Even the most law-abiding person may have the guilty pleasure of imaging life as a ruthless mobster. Such gangster a person lives only by the code of the streets, taking whatever he wants whether it be drugs, money or women.
Almost as long as the cinema has been an art form the gangster flick has for this reason been at the top of favorite film lists everywhere. In 1993 director Brian De Palma threw into the fray with Carlitos Way.
Carlito Brigante (Al Pacino) grew up as a Puerto Rican on the mean streets of New York’s Spanish Harlem. He was the go to man before his thirty-year incarceration for dealing drugs.
After only five years his lawyer David Kleinfeld (Sean Penn) gets Carlito off on a legal technicality. Carlito returns to the old neighborhood determined to go straight, hoping to escape his old life by opening a car agency in the Bahamas, leaving New York with his girlfriend Gail (Penelope Ann Miller).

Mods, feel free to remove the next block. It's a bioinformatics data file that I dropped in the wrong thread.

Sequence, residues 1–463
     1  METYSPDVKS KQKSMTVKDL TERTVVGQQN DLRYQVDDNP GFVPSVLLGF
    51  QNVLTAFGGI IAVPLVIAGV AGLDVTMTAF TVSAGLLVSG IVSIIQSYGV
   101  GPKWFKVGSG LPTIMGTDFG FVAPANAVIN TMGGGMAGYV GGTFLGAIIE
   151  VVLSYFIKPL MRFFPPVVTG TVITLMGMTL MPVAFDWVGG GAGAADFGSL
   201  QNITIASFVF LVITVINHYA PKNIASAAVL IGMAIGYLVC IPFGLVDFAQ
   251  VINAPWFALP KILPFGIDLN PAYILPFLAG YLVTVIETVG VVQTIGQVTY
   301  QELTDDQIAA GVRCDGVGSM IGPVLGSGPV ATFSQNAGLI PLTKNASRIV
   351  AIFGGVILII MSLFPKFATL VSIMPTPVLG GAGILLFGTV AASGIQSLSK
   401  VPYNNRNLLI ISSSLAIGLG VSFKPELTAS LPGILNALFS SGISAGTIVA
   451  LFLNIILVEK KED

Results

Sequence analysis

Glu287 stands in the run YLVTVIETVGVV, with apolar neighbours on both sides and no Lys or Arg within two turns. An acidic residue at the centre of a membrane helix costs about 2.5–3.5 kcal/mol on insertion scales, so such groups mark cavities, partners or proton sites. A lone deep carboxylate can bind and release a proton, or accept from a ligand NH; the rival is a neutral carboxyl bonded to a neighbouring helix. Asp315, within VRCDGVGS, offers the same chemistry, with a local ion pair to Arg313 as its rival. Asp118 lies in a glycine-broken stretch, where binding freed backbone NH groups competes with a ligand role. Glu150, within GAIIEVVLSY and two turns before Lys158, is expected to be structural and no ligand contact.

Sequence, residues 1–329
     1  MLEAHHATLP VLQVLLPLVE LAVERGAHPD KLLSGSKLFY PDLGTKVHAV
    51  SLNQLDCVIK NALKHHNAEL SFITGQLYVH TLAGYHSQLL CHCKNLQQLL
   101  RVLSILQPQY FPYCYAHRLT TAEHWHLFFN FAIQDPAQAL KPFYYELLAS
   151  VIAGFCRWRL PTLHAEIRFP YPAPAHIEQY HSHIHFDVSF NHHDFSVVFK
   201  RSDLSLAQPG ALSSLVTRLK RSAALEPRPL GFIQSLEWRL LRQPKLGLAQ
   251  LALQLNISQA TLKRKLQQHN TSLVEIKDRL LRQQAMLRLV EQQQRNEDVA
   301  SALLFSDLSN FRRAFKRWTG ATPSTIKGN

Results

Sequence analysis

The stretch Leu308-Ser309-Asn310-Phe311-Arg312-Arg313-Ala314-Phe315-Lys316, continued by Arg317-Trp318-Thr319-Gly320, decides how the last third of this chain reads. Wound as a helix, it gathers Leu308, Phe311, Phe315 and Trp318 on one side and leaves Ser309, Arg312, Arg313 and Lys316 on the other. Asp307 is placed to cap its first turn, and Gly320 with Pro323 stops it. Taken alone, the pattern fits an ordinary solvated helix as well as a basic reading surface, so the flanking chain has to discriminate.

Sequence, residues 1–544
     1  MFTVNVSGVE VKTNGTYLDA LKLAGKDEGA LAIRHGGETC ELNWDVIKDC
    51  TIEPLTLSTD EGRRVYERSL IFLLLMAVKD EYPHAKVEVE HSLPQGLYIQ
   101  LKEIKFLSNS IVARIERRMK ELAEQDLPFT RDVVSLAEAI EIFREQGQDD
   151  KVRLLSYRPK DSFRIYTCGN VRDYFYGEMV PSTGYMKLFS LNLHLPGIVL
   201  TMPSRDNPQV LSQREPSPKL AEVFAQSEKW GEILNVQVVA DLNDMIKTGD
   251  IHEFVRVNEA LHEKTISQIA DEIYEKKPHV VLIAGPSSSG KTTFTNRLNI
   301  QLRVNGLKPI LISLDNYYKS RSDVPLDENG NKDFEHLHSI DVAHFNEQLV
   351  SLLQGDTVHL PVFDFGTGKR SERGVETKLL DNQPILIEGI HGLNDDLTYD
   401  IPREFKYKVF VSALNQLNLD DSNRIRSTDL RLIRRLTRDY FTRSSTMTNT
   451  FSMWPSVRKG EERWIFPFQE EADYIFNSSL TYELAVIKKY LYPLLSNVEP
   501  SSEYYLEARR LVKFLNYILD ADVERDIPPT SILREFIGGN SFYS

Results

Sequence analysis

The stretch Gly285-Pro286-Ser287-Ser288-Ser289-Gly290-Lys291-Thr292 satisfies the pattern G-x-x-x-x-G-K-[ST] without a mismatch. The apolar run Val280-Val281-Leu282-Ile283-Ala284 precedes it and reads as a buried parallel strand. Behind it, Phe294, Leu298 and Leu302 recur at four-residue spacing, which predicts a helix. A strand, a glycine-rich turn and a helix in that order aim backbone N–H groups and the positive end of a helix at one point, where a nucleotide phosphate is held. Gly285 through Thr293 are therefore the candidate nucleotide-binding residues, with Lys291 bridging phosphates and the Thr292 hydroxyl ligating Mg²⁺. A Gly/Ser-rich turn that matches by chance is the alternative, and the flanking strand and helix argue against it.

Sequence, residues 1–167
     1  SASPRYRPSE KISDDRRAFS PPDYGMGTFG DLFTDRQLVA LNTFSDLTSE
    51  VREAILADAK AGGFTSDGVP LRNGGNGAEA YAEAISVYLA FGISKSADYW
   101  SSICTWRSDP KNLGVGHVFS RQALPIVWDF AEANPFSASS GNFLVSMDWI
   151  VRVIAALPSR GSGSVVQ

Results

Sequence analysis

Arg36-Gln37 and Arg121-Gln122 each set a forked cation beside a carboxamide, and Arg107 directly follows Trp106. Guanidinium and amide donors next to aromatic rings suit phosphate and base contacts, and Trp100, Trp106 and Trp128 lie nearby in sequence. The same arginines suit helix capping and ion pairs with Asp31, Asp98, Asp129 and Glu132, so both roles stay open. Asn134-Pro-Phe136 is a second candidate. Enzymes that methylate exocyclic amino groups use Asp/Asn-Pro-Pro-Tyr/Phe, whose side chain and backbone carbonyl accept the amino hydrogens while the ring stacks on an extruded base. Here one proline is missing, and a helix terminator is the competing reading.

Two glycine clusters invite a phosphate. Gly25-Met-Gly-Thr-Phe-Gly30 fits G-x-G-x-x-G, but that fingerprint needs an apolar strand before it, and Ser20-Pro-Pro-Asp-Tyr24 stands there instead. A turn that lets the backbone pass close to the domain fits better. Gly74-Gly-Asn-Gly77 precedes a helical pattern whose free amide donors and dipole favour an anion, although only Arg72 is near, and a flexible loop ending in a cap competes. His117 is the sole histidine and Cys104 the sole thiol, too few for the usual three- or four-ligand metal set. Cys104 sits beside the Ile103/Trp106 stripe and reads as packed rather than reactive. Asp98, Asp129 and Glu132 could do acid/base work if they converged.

Although she was trained in ballet she now gets by working as a stripper in a local bar. Carlito sees the rental agency not only as his salvation but also a way to save Gail.
Since most banks are somewhat reluctant to loan start up money to an ex con Carlito is forced to take a job at a popular night club where he comes into contact with the people he should try to avoid.
One of these introduces himself as "Benny Blanco from the Bronx" (John Leguizamo). He has heard stories of the great Carlito Brigante most of his life. Carlito sees in Bennie the same headstrong player that he once was and draws Carlito back towards a return to crime.
Soon, Carlito is in a gun fight when a drug deal goes bad, facing a pile of dead bodies and a rather large sum of cash just sitting there he listens for a moment to the approaching police sirens, grabs the cash and gets out of there as fast as he possible can.